Anyone who has been following my blog knows that recently I’ve been very busy writing the GNU/Linux installation guide for the AmigaOne X1000. Thanks to the dedication of several “A1-X1000 “First Contact” owners and in particular Irishman Pat Wall, the guide has had several re-writes to cope with the additional PowerPC Linux distributions that the AmigaONE X1000 can now support. Thanks Pat! (I think ;-)). Version 2.3 of the GNU/Linux Installation guide will be available for registered AmigaONE X1000 owners to download in the next few days.
At the time of writing, up to six Linux distributions can be installed on the A1-X1000 along with AmigaOS. This includes MintPPC, Ubuntu and Debian Wheezy which all support 3D hardware accelerated graphic. It’s only when you look at the massive catalogue of free productivity software, utilities and games that Linux has that you realise the challenge facing the Amiga community with its comparatively meagre resources. It’s amazing what our community has and continues to achieve. Long may it contine.
Through the looking glass
Several months ago I purchased a used 17” 1.67Ghz Mac PowerBook off eBay in preparation for the release of MorphOS 3.0 which promised support for the Mac’s discontinued and abandoned G4PowerPC laptops. Unfortunately when the package eventually arrived in New Zealand it was not in the best of shapes. It had been damaged in transit due to poor packaging and one corner was badly dented. Luckily the screen was not damaged and the machine still booted so I had a chance to try out the MacOS X. It was also a good opportunity to make a comparative study of the 1.67GHz MacOS PowerBook in everyday use against the 1.8 GHz dual Core AmigaONE X1000 running a combination of AmigaOS 4 and various Linux distributions. I may be biased, OK I admit it I am, but I was pleasantly surprised by the results. Contrary to all the talk about how wonderful Mac PowerBooks are, frankly I was a little disappointed. I installed Firefox on the PowerBook and made a direct comparison against Firefox running under Linux. Flash is not supported by the MacOS or Linux but it was good to see the A1-X1000 outperform the PowerBook when running Youtube videos. OK, perhaps not the most objective of tests, but this is everyday use remember, not some arbitrary benchmark. 😉 I also found that the MacOS wanted total control over my use of the PowerBook. I suppose that is part of its mass market security and appeal but I found it very restrictive never-the-less.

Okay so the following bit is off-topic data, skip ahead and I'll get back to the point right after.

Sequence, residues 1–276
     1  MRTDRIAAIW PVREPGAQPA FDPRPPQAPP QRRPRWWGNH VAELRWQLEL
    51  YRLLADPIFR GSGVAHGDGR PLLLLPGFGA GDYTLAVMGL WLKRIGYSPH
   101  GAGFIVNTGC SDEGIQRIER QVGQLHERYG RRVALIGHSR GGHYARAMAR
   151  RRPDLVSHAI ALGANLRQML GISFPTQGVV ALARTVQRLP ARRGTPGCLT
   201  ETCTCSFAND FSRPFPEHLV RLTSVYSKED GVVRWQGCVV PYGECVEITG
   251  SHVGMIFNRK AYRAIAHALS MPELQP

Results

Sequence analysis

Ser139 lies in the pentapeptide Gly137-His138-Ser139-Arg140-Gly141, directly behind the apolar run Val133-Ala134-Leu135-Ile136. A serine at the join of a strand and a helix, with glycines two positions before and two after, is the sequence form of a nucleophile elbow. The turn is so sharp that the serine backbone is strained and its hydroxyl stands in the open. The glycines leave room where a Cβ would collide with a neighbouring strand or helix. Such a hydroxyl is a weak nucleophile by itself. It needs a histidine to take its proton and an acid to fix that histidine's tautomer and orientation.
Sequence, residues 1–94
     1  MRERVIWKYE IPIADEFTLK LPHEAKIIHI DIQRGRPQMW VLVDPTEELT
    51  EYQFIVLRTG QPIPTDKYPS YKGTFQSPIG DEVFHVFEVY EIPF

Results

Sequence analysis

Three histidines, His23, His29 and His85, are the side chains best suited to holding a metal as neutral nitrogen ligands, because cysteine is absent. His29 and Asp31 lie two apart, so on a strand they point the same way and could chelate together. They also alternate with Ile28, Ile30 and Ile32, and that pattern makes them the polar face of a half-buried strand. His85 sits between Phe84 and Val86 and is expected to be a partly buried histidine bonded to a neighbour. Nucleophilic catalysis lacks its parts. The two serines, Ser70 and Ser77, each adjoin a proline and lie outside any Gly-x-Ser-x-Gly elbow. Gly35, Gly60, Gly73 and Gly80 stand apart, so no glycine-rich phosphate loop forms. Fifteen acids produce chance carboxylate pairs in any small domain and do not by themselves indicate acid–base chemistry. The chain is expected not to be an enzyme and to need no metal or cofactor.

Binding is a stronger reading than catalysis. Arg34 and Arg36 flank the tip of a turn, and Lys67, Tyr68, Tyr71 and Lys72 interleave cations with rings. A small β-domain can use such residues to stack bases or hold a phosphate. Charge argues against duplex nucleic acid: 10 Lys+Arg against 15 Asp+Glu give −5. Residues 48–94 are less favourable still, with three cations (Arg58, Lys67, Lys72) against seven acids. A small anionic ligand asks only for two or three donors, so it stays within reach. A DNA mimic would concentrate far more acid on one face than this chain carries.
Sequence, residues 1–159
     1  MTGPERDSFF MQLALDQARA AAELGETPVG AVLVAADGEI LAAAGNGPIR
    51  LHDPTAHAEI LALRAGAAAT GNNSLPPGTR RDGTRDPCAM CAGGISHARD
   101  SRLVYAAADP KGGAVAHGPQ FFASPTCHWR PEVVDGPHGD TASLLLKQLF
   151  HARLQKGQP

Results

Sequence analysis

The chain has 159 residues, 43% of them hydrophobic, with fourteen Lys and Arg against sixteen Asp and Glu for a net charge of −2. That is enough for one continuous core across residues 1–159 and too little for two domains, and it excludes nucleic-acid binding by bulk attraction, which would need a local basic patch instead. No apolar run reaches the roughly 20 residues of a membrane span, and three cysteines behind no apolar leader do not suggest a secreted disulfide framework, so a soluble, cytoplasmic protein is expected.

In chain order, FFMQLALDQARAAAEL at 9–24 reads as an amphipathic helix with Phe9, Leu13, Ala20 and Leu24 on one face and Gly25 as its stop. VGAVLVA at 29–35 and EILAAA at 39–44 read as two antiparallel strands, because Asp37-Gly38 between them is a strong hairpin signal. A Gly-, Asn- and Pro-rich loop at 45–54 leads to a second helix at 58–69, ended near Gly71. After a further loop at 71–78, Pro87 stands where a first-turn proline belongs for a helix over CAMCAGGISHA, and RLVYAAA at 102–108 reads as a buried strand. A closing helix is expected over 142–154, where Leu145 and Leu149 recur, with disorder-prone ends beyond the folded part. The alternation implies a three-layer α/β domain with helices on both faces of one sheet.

Since the original PowerBook had arrived damaged, I managed to track down another used PowerBook on eBay, this time a 15”, 1.67GHz model. The seller shipped the laptop from Germany in its original packaging and this time it arrived in good shape, despite a mix up by the courier, which resulted in the package being returned to the seller and then re-shipped to me. So when MorphOS 3.0 was released a few days ago I downloaded a copy and paid for a new MorphOS key file. I even think I may have been one of the first purchasers? 😉
The replacement PowerBook had originally been setup in German, and as I don’t speak German, coupled with my experience of MacOS X, I decided to perform a totally clean install of MOS3.0 and remove MacOS from the machine. MOS3.0 was very easy to install and within a short period of time I had the Ambient desktop up and running. On first impression the Desktop appearance was very similar to previous MOS 2.7 version I have installed on my Pegasos II. I had some problem getting the menu bar to work until I realised that it was caused by the lack of a second button on the Mac mouse. Changing to an AmigaONE X1000 mouse solved the problem. Go “Boing Ball”! I also discovered that MOS3.0 does not yet support the PowerBook’s internal wifi which was a little disappointing because I was hoping to use the PowerBook as my portable “Amiga”. However, I’m sure the MOS developers are working on this issue? (Please say you are.)